022 Cycling Health and Wellness
Cycling Health and Wellness
Hypertension and cycling
Hypertension is defined as a blood pressure consistently greater than or
equal to 140 over 90 mm Hg. The disorder is common in persons over 40 years. It
is graded as mild, moderate or severe. Unchecked hypertension can eventually
result in a heart attack, heart failure or a stroke. Even mild, untreated
hypertension is detrimental to the person. Hereditary factors are important.
Extensive reviews on the modern treatment or approach to hypertension are
available. The common focus is to keep the blood pressure below 140 over 90.
Intolerance, because of side- effects of pills, is very common.
Can Hypertension affect the recreational cyclist?
Yes. Uncontrolled hypertension can produce an enlarged heart and result in
tiredness and fatigue. Coronary artery narrowing follows, resulting in angina
(chest discomfort). A heart attack can follow. Secondly, blood pressure pills
can have serious and nasty side effects and impact very severly on the
enthusiastic, keen and avid veteran cyclist. Life style and well- being can be
drastically effected by pills. Constant monitoring is needed and advice from a
health care professional. Pills may have to changed due to side- effects. Pills
cannot be dramatically stopped, as a rebound in pressure can occur with some
pills. Dangerously high levels can ensue with this irrational behaviour.
Is hypertension a risk factor for fatal heart disease?
Yes. Together with genetic factors, obesity, stress, sedentary life style,
hypercholesterolaemia and diabetes mellitus, hypertension is an important marker
for cardiovascular disease. It must be checked.
Tests the cyclist must undergo
|Chest X- ray: to exclude an enlarged heart|
|Blood tests including cholesterol (and subfractions such as LDC)|
|Blood glucose and kidney functions|
|Monitor blood pressure daily/ weekly for 4- 8 weeks to determine degree,
First line treatment for hypertension in the established veteran cyclist
Get clearance from your doctor to continue cycling
Determine other risk factors (diabetes, lipid elevation)
Make sure your heart is not enlarged, you do not have angina or experience an
Lose 5- 10 kg in weight over 4-8 weeks
Eat less. Become a vegetarian. Reduce redmeat intake- consider chicken or fish
Exclude pies, pastries, hamburgers, fast foods, excessive alcohol and braai's
Cycle train 4 times a week, but do not exceed 1 hr per day. Slow down if fatigue
occurs. DO NOT RIDE THROUGH CHEST PAIN OR ANGINA.
Supplement and drink 6 glasses of water daily. If possible stay exclusively on a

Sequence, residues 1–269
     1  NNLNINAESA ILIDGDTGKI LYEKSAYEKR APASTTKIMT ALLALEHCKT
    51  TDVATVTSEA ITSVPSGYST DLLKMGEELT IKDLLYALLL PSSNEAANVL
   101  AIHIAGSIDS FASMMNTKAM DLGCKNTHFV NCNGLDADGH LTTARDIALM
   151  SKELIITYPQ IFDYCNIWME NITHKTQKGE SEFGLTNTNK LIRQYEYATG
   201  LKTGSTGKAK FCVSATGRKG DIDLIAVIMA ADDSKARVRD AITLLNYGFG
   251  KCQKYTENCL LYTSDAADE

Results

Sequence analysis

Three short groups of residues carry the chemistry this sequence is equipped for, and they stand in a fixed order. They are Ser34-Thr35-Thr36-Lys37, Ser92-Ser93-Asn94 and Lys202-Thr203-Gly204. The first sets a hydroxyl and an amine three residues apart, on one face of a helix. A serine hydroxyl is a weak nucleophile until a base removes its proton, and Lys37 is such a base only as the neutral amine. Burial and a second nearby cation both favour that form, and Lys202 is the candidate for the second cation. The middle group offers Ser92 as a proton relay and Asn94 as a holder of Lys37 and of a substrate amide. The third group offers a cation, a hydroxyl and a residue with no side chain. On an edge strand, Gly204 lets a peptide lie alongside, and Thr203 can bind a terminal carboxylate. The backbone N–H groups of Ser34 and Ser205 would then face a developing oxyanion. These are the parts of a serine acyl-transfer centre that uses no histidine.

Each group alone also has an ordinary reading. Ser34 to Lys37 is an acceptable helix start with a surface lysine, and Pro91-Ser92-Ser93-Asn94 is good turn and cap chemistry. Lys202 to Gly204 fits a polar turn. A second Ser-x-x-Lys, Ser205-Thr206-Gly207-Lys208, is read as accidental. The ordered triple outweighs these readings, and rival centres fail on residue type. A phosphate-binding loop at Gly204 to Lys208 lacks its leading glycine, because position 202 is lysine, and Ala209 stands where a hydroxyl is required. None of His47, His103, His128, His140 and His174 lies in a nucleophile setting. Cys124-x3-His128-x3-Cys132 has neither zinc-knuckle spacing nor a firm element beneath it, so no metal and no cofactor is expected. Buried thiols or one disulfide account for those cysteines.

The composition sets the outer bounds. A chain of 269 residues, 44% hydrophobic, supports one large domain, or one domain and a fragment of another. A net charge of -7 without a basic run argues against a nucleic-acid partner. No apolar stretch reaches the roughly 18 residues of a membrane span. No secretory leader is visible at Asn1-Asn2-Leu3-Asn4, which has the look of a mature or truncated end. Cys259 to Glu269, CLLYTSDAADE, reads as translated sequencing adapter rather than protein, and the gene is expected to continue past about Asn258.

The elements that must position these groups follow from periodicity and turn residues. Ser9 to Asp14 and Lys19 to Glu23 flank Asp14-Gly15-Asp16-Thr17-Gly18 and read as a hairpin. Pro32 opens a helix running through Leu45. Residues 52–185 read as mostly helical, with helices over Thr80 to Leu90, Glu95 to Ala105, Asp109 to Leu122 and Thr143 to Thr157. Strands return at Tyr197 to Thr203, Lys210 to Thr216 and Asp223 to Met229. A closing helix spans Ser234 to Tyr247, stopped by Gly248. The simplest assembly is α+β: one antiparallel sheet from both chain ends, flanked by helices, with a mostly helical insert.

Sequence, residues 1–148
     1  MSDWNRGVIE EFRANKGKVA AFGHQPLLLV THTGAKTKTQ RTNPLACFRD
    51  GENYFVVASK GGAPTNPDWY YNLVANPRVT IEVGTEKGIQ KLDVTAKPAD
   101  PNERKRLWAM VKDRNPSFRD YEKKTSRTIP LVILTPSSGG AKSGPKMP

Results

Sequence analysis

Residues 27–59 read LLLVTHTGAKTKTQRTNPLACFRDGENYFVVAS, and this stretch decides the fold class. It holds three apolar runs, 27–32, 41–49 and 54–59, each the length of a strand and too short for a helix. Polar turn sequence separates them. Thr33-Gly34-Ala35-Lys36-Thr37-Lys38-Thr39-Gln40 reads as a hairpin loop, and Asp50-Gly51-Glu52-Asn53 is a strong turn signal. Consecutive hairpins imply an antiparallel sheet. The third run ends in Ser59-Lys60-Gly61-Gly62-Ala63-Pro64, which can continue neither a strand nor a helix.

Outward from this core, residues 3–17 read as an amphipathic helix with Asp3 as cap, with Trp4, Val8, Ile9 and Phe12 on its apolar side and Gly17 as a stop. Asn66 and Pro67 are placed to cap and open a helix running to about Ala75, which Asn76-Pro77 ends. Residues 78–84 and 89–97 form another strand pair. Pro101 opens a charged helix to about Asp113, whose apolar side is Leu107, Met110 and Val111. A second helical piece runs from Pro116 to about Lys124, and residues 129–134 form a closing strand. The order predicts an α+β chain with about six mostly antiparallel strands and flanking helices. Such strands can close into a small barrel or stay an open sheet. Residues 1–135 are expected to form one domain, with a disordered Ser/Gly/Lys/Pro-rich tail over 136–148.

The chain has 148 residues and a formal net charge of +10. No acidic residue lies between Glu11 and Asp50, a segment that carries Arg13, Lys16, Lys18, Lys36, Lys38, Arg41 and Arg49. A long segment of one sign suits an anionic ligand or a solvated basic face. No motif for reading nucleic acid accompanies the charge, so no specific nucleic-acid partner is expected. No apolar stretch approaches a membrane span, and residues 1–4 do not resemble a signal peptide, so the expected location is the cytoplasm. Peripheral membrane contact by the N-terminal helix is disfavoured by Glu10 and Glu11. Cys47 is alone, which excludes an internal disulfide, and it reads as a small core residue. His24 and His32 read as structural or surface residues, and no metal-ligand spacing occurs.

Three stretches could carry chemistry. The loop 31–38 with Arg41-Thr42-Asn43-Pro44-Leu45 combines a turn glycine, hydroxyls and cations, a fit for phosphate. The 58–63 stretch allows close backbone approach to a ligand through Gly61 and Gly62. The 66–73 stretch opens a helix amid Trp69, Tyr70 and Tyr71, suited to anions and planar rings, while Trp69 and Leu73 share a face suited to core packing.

fruit or vegetable diet
Check BP reading twice a week. Perhaps the exercise and weight- loss have
helped? Pills could be now possibly avoided. Increase, moderately, the intake of
omega- 3 fatty acids, Vitamin E and Lecithin. Check cholesterol. Levels must
come down below 5 mmol/L
Coronary artery thrombosis is a danger. Over 40 years, half a Disprin per day is
indicated to reduce this risk. Make sure you do not suffer from heartburn or an
ulcer. It is pointless increasing the dose of Asprin.
Do cyclist get heart attacks?
Yes, but the benefits of regular aerobic exercise is not in dispute. Be
careful of angina. Excessive exertion or steep hill climbing (exhaustion) could
theoretically precipitate a heart attack during or after a long cycle tour such
as the Argus.
Which cyclists with hypertension are prone to a heart attack?
Obese, unfit cyclists
Individuals with large arterial plaques (atheroma). Also termed "culprit
Moderate to severe hypertension/ or poor control
Dehydration, exhausting cycle tours
Diabetes mellitus, poor control
Extensive or difuse atherosclerosis with heavy plaque formation in the coronary
Previous warning symptoms of anterior chest pain, squeezing feeling in the
throat, chest pain with radiation into an arm or the jaw.
Dangerous, unchecked rhythm disorder
Medications/ pills used to treat hypertension
Depending on the severity of hypertension one to three different types of pills
may be needed to stabilize the pressure. This could take months. Medications
|Diuretics (problems: weakness, cramps, electrolyte disturbance)|
|Ace inhibitors (problems: cough)|
|Beta- blockers (problems: fatigue, shortness of breath, insomnia)|
|Calcium channel blockers (problems: arthralgia)|
|Angiotensin receptor antagonists (problems: arthralgia, pharyngitis and